How the MACRA Final Rule Will Affect Healthcare Administration

How the MACRA Final Rule Will Affect Healthcare Administration

One intent of healthcare reform is an improvement in the quality and efficiency of care. Much of the attention of practitioners, administrators, and executives has been on the provisions of the Affordable Care Act. But that isn’t the only regulation and legislation affecting the industry.

Another has been the Medicare Access and CHIP Reauthorization Act of 2015, or MACRA. As the Centers for Medicare and Medicaid Services (CMS) explained, there had previously been the “Sustainable Growth Rate formula, which threatened clinicians participating in Medicare with potential payment cliffs for 13 years.”

Under MACRA, CMS had released a proposed rule establishing a new Quality Payment Program including the Merit-based Incentive Payment System (MIPS) and Advanced Alternative Payment Models (APMs). Those affected were those practitioners falling under Medicare Part B, which means physicians, physician assistants, nurse practitioners, clinical nurse specialists, certified registered nurse anesthetists, and groups that employ such people. The practitioners must provide care for more than 100 Medicare patients and who bill Medicare at least $30,000 annually. The final rule is the one that will be put into use.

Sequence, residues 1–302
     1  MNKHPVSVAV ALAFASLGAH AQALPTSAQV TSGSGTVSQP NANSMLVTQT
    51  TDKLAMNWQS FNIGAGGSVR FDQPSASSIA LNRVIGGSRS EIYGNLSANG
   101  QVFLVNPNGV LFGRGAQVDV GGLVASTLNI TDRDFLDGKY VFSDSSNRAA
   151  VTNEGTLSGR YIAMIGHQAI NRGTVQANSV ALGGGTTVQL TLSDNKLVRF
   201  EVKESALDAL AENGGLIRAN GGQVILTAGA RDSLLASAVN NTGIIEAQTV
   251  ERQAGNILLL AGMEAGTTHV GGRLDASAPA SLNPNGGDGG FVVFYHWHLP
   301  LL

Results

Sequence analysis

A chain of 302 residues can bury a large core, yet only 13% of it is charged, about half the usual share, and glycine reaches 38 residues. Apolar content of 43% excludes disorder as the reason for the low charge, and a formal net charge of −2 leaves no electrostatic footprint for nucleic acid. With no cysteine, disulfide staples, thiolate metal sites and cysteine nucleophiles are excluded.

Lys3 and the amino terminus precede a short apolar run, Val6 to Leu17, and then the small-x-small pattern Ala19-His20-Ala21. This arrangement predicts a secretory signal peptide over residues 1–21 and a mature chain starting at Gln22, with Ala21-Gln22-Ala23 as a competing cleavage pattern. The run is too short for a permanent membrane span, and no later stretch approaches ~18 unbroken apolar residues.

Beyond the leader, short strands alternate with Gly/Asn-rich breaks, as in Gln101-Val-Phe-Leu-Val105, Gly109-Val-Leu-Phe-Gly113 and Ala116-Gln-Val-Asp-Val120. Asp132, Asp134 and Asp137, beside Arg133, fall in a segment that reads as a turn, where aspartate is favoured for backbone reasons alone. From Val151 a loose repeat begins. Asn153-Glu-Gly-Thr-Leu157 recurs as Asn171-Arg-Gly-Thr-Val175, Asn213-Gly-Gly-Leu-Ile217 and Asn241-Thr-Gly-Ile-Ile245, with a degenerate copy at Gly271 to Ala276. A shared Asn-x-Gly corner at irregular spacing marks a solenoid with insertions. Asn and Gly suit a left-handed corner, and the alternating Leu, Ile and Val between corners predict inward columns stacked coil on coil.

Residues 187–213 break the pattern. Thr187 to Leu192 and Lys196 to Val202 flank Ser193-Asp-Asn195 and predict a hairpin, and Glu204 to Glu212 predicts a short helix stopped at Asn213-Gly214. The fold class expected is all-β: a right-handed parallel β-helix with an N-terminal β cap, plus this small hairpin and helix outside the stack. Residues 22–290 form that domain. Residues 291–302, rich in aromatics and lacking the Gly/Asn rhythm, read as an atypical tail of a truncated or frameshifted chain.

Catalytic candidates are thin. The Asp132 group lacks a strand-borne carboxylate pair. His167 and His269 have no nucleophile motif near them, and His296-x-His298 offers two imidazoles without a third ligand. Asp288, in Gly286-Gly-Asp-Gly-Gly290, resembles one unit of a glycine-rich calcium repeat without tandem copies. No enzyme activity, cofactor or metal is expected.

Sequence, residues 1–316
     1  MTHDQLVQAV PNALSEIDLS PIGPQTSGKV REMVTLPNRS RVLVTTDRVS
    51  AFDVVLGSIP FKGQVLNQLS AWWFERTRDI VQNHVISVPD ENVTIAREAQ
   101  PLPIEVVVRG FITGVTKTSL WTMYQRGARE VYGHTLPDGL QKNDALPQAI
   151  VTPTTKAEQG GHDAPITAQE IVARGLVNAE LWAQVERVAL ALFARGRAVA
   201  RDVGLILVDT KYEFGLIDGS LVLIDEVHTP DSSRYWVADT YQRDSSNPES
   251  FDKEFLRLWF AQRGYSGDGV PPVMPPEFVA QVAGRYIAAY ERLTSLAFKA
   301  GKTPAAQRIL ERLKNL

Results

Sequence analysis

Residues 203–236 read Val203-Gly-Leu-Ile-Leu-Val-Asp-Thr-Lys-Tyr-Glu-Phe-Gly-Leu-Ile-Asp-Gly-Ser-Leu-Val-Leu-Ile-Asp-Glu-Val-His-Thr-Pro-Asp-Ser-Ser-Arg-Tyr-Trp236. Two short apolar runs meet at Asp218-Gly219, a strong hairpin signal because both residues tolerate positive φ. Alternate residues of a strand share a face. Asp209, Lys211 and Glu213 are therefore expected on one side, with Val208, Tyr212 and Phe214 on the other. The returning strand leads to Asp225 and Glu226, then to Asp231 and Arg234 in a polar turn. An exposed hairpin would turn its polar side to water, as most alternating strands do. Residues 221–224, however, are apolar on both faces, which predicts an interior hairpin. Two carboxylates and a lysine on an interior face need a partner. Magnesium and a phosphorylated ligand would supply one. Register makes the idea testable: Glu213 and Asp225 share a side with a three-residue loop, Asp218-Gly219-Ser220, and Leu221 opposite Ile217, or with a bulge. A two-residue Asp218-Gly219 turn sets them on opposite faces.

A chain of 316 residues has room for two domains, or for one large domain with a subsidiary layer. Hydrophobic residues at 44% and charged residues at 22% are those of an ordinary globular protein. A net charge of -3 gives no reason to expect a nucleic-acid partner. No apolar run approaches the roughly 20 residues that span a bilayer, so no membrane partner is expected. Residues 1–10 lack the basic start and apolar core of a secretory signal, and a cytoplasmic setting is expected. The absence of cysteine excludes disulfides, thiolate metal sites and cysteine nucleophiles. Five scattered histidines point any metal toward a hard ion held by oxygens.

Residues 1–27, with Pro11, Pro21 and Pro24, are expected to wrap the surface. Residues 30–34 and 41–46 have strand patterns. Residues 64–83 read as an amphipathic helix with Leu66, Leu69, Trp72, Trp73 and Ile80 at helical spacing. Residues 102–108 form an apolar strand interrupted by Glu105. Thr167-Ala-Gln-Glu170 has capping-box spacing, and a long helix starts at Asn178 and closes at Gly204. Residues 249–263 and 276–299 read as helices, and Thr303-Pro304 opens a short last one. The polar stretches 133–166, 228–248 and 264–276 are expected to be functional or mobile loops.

MIPS consolidates three different quality improvement systems under one. There can be significant improvements in pay under MIPS, or a drop of as much as four percent or no change. It all depends on the amount of quality data providers send to CMS in 2017. Send none and you lose money. The more you send, the better the increase. There is also additional potential payments for “exceptional” performance. Practitioners will have to report on six different quality measures or, instead, a set of measurements tailored to a particular specialty. They will have to complete either four medium-weighted or two high-weighted practice improvement activities. There will be reporting on five EHR-related measures, rather than the original 11.

Under APMs, eligible practitioners can potentially qualify and gain incentives. The proposed requirements for eligibility includes use of electronic healthcare records, quality measure-based payments, and having more than “nominal risk” for losses. Under the final rule, the risk must be at least eight percent of all Medicare reimbursements or three percent of expenditures the practitioner is responsible for under the APM. Some APMs will not count as Advanced APMs, which means the practitioners will be under a MIPS track.

This is a complicated and important area for many practice groups that have a significant Medicare practice. Administrators and managers will need to understand the specific requirements to ensure that reimbursement doesn’t suddenly drop and that, instead, they manage to court some of the many incentive payments available.

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